In its recently released State of High-Tech 2022 report, the Israel Innovation Authority revealed that the country’s booming technology industry is plagued by an acute shortage of engineers and programmers, a finding that aligns with Israeli State Comptroller Matanyahu Engelman’s report from 2021 which documented 18,500 vacant tech positions in the national high-tech industry. In addition, the Israeli government recently set an ambitious goal of raising the number of employees in the Israeli the high-tech industry to one million – more than double current figures.
However, in such an important national mission, placing emphasis on merely increasing numbers is not enough. In order to maintain its international status as the “Startup Nation” and its socioeconomic resilience in today’s STEM-oriented economy, Israel needs excellent engineers that continue to develop innovative life-changing and life-saving technologies.
For this, it is crucial to consider the entire STEM education continuum (from preschool to higher education) and go beyond simply teaching math and science as class subjects. The focus should be expanded to include the acquisition of skills such as critical thinking and self-learning, technology fundamentals, understanding fundamentals of engineering design as a tool for problem solving, and the ability to view issues with an inter- and multi- disciplinary perspective.
It should be clear then, that to do their part in addressing these challenges, academic institutions need to do more than increase the number of students in technology majors. To strengthen Israel’s resilience, we must strengthen the country’s human capital, and to strengthen the human capital, we must strengthen the educational process that produces employees for the high-tech industry and improve the workforce readiness of new graduates.
Some institutions, such as the Afeka Academic College of Engineering in Tel-Aviv, are actualizing such a plan. While gradually increasing their student body by over 40% over the past five years, Afeka simultaneously began a process of transforming the engineering education they provide their students.
They did this by employing the same engineering design approach commonly applied when developing products in the high-tech industry – an approach found to be functional in educational change management as well. Applying this methodology involves the main principles of engineering design — ask, imagine, plan, create, experiment, and improve.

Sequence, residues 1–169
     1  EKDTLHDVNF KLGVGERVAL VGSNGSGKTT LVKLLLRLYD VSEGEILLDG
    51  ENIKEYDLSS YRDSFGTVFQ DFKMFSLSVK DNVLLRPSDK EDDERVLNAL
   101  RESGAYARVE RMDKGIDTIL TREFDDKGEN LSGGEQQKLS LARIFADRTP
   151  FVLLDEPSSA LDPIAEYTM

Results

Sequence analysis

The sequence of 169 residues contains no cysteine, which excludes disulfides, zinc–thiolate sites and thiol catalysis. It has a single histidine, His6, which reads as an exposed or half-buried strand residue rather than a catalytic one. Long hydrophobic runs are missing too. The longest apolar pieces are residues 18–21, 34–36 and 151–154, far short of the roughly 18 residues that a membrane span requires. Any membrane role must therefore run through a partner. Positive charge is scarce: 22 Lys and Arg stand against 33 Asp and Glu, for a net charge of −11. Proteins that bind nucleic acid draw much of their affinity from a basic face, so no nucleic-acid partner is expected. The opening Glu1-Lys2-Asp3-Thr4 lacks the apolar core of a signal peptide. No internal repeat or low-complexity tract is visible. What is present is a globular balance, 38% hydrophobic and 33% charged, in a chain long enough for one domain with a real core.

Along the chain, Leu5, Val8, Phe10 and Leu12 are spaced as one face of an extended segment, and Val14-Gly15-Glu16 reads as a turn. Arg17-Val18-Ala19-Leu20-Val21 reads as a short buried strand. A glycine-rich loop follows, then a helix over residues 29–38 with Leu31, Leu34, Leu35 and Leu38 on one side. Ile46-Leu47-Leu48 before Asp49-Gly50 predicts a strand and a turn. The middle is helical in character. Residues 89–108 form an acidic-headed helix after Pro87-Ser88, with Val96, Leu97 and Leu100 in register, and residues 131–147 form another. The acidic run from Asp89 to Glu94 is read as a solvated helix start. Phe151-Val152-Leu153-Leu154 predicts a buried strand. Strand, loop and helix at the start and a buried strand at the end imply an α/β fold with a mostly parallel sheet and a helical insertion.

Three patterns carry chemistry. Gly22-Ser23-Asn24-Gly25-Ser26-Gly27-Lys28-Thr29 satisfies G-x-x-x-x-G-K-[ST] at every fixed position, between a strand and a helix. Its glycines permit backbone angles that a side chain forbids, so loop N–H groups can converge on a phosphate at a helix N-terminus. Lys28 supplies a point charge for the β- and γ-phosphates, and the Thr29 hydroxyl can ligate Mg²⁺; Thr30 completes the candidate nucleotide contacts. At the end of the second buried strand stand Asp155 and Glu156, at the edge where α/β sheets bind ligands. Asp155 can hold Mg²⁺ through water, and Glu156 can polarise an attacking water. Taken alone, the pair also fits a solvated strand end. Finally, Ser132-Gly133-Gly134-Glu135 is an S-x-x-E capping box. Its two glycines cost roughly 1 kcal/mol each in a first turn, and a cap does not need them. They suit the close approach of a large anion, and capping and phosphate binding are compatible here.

At Afeka, they began by focusing on the desired product (the “output” of the educational process). As an academic institute, the “product” they sought to generate is an ultimate “graduate profile” — the collection of knowledge, engineering skills, personal skills, attitudes, and values required of a new engineer joining the workforce. Defining a graduate profile prior to making changes to the educational process helps close the skills gap that leads to junior engineers often struggling to secure their first job.
Determining which skills to incorporate in a graduate profile was a process that began with turning to the companies employing engineers. Afeka surveyed hundreds of Israeli high-tech companies, large and small, to determine exactly what skills they value most when hiring new engineers. Comparing their perspective to the existing engineering educational process allowed the institution to formulate the problem. This highlighted four main personal skills that they felt were important for their students to acquire to succeed as engineers: multidisciplinary teamwork, effective communication, self-learning, and critical thinking. These were incorporated into our graduate profile along with scientific and engineering knowledge, engineering skills, languages, ethics, and broad knowledge.
Once they knew which skills they wanted to focus on, Afeka identified the specific characteristics of each skill, putting them into words and then dividing each into three levels of acquisition (beginner, intermediate, and advanced).
Finally, to help the students acquire these skills during their educational process, they incorporated them into courses as learning outcomes and created change-inducing platforms supporting the adaptation of relevant in-class pedagogy and extra-curricular activities that help impart these skills.
I believe that academic institutions have an obligation toward the personal and professional development of each and every one of their students. It is our job to ensure they contribute, not only to industry, but to society as a whole. Skills such as teamwork, communication, self-learning, and critical thinking are crucial for this, and they also contribute to the educational process itself, helping students succeed in their studies and become even better engineers.
Transforming engineering education by first defining desired graduate profiles to serve as a compass while transforming educational processes, has helped maintain the relevance of the education provided to students, while at the time serving the main purpose as an engine for national economic growth by ensuring the workforce readiness of new graduates.
Written by Prof. Ami Moyal, President of Afeka – Tel Aviv Academic College of Engineering, Israel.